47° 56′ 29″ N, 10° 17′ 53″ E
The monastery Ottobeuren is a Benedictine abbey in the Upper Swabian Ottobeuren. The monastery consecrated to the two saints Alexander of Rome and Theodore Tiro was founded in 764 by Silach, an alemannic noble, and 972 raised by Emperor Otto I to the imperial abbey. Subordinated to the Bishop of Augsburg at times, the heyday of the monastic community began in the age of church reform.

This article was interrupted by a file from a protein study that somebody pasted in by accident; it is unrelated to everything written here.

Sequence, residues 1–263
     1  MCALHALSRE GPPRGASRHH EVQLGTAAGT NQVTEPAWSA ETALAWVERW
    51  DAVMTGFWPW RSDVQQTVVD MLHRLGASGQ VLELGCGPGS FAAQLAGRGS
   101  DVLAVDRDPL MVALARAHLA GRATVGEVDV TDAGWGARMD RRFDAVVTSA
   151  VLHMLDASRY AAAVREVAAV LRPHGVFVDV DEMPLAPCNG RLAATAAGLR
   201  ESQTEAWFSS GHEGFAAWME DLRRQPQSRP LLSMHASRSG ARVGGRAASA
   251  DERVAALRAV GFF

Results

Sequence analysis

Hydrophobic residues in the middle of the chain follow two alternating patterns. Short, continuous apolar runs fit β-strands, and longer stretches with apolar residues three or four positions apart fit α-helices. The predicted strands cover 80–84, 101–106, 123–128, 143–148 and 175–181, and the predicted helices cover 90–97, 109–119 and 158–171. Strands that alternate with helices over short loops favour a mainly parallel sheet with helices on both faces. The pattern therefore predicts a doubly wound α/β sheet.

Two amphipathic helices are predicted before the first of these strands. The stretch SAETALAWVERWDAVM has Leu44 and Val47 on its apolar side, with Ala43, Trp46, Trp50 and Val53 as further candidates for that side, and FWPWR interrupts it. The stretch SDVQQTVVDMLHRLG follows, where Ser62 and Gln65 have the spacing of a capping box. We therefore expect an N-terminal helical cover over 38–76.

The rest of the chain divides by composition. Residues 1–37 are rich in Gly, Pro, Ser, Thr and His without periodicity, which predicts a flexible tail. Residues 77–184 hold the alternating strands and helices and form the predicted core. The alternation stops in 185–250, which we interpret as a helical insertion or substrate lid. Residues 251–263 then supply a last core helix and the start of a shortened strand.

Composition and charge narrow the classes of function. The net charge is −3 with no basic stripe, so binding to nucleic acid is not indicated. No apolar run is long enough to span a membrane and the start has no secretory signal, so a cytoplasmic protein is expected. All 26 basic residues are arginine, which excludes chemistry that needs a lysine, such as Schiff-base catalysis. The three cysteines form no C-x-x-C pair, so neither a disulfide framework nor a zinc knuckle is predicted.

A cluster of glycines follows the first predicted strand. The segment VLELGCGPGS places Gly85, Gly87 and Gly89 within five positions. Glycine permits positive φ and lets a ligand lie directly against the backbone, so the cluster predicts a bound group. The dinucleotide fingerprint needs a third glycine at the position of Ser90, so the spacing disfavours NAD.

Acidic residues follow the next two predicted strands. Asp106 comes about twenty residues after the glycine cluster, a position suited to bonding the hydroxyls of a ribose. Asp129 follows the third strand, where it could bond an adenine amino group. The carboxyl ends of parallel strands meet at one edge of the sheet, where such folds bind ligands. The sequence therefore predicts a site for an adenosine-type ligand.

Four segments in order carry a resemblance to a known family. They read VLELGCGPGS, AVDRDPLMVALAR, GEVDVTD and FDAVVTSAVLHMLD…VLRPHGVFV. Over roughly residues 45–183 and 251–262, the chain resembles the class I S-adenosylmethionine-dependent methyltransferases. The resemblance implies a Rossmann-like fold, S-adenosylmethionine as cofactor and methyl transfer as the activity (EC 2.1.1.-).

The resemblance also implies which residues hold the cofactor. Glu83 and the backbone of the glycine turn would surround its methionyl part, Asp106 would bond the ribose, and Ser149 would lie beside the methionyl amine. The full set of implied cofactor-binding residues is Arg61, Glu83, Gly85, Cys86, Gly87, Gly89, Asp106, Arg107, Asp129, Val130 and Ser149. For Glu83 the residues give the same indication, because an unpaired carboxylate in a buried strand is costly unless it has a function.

The late Baroque basilica was built as a monastery church from 1737 to 1766 by Simpert Kraemer (until 1748) and Johann Michael Fischer and is dedicated to St. Alexander and St. Theodore. The construction took place in the reign of abbots Rupert Ness and Anselm Erb. The rich furnishings include dome and ceiling frescoes and altarpieces of cousins Johann Jakob and Franz Anton Zeiller from Tyrol, stucco figures by Johann Joseph Christian, stucco work by Johann Michael Feuchtmayer the Younger. Almost unchanged are the two well-known baroque choral organs by Karl Joseph Riepp: the four-manual Trinity organ with 47 stops and the two-manual Heiliggeistorgel with 27 stops, both with French sound. The builders also operated a wine trade in Dijon (Burgundy). The choir stalls are by Martin Hermann (carpentry) and Johann Joseph Christian (reliefs) and is considered one of the most beautiful of the South German Baroque. The center of the church is a Romanesque crucifix (1220). The unusual north-south orientation of the church is due to its location within the entire complex, whose floor plan has the shape of a cross. In 1926, the monastery church was elevated to the papal basilica by Pope Pius XI